Jun 11

People-knitting, Anglo-Polish style

Many are the ways in which well-intentioned social engineers have tried to knit together the similar-but-yet-different peoples of Europe.

Some misbegotten schemes try to make different nations more like eachother. The best allow and encourage people to enjoy and appreciate their neighbours. The German poet and author Hans Magnus Enzensberger once said that cheap tickets which allow young people to travel across the continent’s rail network had done more for European integration than anything ever decided by the European Union.

If you want to see a working, evolving example of eyes and minds being opened, take a look at these blogs written from Poland by British students who are on summer assignment for Gazeta Wyborca, checking out whether Poland is ready for the next year’s football championship, Euro 2012. (Declaration of interest: these are some of my students).

The Misja21 scheme, the brainchild of the inspired Greg Piechota of Gazeta, wasn’t designed as a “cultural exchange” or anything as eat-your-greens boring as that. Greg wanted to generate raw material which his paper could use to tell Poles how their policemen, railway officials and ticket sellers look and sound to the rest of the world. And football is a language spoken by almost everyone.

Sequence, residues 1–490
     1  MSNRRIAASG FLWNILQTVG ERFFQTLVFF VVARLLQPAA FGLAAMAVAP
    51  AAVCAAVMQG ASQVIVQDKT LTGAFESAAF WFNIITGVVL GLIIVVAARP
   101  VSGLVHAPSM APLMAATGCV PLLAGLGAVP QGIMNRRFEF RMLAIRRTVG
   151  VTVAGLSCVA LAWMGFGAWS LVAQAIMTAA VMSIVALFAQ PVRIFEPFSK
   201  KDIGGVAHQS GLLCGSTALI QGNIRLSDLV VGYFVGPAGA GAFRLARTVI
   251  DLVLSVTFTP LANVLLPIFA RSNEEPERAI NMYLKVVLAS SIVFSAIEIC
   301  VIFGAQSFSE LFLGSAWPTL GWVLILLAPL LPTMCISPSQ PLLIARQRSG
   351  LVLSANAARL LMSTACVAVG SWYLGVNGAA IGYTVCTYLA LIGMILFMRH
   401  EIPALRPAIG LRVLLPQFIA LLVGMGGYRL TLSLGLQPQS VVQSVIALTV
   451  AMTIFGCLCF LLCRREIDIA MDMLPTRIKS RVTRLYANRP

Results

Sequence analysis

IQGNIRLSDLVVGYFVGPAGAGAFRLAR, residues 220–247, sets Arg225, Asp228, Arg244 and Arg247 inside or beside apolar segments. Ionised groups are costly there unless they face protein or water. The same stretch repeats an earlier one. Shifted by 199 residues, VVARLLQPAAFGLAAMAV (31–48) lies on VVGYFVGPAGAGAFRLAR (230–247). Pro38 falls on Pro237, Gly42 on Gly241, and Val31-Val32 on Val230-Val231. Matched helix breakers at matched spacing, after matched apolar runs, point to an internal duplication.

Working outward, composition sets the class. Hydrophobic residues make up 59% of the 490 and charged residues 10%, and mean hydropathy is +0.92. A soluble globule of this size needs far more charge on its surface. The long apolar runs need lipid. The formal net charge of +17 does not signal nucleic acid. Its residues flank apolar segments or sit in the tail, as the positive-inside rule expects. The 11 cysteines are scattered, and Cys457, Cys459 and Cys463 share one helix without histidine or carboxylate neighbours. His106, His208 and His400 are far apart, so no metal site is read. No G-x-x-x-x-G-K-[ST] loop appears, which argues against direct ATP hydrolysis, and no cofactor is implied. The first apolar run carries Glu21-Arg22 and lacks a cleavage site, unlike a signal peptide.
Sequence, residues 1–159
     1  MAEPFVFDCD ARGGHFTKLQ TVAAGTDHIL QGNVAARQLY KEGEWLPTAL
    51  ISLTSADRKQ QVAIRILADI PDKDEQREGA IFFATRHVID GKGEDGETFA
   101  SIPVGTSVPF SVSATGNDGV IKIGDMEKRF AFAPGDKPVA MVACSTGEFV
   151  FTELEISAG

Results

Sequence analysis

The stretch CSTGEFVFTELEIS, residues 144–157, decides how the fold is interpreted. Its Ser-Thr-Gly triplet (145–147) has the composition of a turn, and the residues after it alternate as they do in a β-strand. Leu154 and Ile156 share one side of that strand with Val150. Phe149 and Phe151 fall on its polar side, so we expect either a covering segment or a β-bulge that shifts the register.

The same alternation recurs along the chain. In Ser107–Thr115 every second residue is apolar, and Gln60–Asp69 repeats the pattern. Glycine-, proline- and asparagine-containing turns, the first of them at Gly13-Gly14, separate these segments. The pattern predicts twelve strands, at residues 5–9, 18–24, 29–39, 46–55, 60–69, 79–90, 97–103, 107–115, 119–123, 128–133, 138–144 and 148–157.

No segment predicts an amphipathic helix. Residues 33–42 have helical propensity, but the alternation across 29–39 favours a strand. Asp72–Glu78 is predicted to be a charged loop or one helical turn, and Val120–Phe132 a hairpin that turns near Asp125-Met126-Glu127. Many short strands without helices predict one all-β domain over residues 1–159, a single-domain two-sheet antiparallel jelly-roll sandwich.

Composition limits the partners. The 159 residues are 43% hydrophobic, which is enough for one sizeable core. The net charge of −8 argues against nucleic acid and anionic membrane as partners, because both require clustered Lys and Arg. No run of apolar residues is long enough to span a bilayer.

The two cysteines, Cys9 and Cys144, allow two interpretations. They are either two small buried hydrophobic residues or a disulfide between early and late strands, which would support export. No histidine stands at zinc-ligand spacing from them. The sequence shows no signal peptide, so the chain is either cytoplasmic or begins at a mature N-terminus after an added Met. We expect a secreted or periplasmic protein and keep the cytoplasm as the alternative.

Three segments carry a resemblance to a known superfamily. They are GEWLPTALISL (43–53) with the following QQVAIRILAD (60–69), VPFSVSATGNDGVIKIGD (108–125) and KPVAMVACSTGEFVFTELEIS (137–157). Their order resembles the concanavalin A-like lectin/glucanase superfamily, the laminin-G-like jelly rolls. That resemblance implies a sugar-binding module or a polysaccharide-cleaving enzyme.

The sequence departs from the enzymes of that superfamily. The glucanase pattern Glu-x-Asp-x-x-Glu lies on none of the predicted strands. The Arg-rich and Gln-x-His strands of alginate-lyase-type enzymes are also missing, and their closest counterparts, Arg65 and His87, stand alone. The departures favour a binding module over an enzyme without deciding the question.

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Mar 10

The view from Gazeta Wyborcza

More comments on the lecture, this time from Gregory Piechota, the prolific speaker and commentator who is also in charge of special projects at the Warsaw daily Gazeta Wyborcza. Greg thought that my definition of the core tasks of journalism needed an addition:
1) I agree de Tocqueville was right about a social role of a newspaper, or journalism in general. But I think this role is not successfully survived by online communities. I am watching how social movements rise and fall online, and I am seeing they just need traditional authority (like journalism) so much to make an impact on reality. They engage people quickly, but they disengage too. They just cannot achieve their goals if not supported, guided, or led by something or somebody that is less anonymous, less crowded, less fluid. They just need an institution (in a broad sense) and I think this role can be held by journalism, hovewer there are some others who would like to play it.
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